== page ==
In search of: form design pattern

2 Jul 2009 - 3:57pm
5 years ago
6 replies
1505 reads
DrWex
2006

I need to come up with a good pattern for designing a form. It has
the following characteristics:

- There are about 10 "sections" (related groups of inputs)
- The sections are of varied size, ranging from one dropdown
selection, to a multi-column table of several rows that needs to be
filled out

The total of all such sections would make the whole form bulky if I
tried to present it on one screen. I'm debating using different
chunking patterns such as an accordian or tabbed form and wondered if
anyone had an example of a favorite pattern they would recommend.

TiA,
--Alan

Comments

2 Jul 2009 - 8:13pm
Alan James Salmoni
2008

Alan - I'm sure you might have encountered this already, but LukeW's
book on forms is worth a read, particularly if you are going to be
designing more in future.

(apologies for this), but I had an idea for handling forms that is a
bit different. I did promise to put a demo up somewhere but the
pressure of work had to take precedence. I'll try again tonight and
post a link so you can all have a look and offer comments.

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Posted from the new ixda.org
http://www.ixda.org/discuss?post=43336

2 Jul 2009 - 10:17pm
Grant Fritts
2009

I've used collapsible panels when it was imperative to have all inputs on a single page. Those sections of inputs that were non-required or less frequently used are collapsed with only the section title displaying and the expansion control. The common or most used input sections are expanded by default.

However, if it is not absolutely a requirement to keep on one page, separate into logically organized, smaller pages and use a multi-step, bread-crumb style indicators.

I've been through some usability testing ton this topic (one "mega" page vs. multiple smaller pages) as there was client fear that too many pages in a web app would decrease conversion, but the consensus was that "stepping" it was preferred by the majority of users.

One of the key reasons had to do with the input validation process. If the form was very long and required significant scrolling, the propensity for missed inputs (errors) increased and if the ability for the user to locate the offending field was impaired. Also, with long forms, "jumping" them to the top of the screen or offending field was a jarring experience (took control away from the user) when page auto-scrolled.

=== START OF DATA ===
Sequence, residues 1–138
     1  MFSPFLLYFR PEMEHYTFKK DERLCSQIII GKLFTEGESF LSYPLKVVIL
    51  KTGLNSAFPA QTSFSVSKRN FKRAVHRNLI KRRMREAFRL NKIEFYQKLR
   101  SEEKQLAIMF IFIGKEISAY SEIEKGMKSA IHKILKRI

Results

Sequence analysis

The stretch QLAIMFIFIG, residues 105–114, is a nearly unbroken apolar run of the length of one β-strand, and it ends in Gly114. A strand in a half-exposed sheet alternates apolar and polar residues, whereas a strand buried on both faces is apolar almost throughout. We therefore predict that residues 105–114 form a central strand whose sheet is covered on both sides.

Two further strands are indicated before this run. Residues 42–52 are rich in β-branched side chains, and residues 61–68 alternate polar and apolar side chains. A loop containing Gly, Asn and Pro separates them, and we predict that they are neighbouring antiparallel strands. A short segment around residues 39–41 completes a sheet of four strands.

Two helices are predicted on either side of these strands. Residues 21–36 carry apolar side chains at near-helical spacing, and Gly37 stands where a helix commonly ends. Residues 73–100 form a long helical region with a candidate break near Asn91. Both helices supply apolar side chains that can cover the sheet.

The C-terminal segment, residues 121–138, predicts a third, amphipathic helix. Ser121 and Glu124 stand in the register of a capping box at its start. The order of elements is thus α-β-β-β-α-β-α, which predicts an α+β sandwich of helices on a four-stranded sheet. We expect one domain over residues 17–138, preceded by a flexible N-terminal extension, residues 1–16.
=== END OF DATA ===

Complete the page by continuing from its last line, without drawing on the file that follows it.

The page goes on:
2 Jul 2009 - 5:24pm
Sarah Weise
2009

You may be able to put all the sections on one page, with sections
collapsed by default -- or just the first one open. Click to open
each section and answer the questions within. Make sure each section
has a clear, descriptive title though!

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Posted from the new ixda.org
http://www.ixda.org/discuss?post=43336

3 Jul 2009 - 1:25am
Yohan Creemers
2008

Alan,

I would organize the form into tabs. It's a conventional way to
group related input controls. I don't think the varying size causes
problems for this design pattern. The main advantage of tabs is that
all sections are easily accessible.

http://www.ylab.nl/lab/tabs/
http://developer.yahoo.com/ypatterns/pattern.php?pattern=moduletabs
http://www.welie.com/patterns/showPattern.php?patternID=tabbing

- Yohan

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Posted from the new ixda.org
http://www.ixda.org/discuss?post=43336

6 Jul 2009 - 9:05am
ambroselittle
2008

On Thu, Jul 2, 2009 at 4:57 PM, Alan Wexelblat <awexelblat at gmail.com> wrote:

> I'm debating using different
> chunking patterns such as an accordian or tabbed form and wondered if
> anyone had an example of a favorite pattern they would recommend.
>

Hi Alan,

Quince has a number of patterns related to layout including, for example,
Responsive Disclosure, Responsive Enabling, Titled Sections, and Tab Dialogs
that may pertain to your context. This link should bring up a search for
those and others related to page layout:

http://quince.infragistics.com/#/Search$tag+=Page+Layout

HTH.

-ambrose

6 Jul 2009 - 10:37am
Christian Crumlish
2006

As for accordions, we'll be publishing a beta Accordion pattern in the
Yahoo! library fairly soon. Sorry to be a tease about it, but we have
blogged about it[1] and even run a survey (I'll be reporting on results from
that this week as I revise the draft of the pattern).
--xian

[1]
http://www.yuiblog.com/blog/2009/03/23/survey-when-is-an-accordion-not-an-accordion/

On Mon, Jul 6, 2009 at 7:05 AM, J. Ambrose Little
<ambrose at aspalliance.com>wrote:

> On Thu, Jul 2, 2009 at 4:57 PM, Alan Wexelblat <awexelblat at gmail.com>
> wrote:
>
> > I'm debating using different
> > chunking patterns such as an accordian or tabbed form and wondered if
> > anyone had an example of a favorite pattern they would recommend.
>

--
Christian Crumlish
I'm writing a book so please forgive any lag
http://designingsocialinterfaces.com

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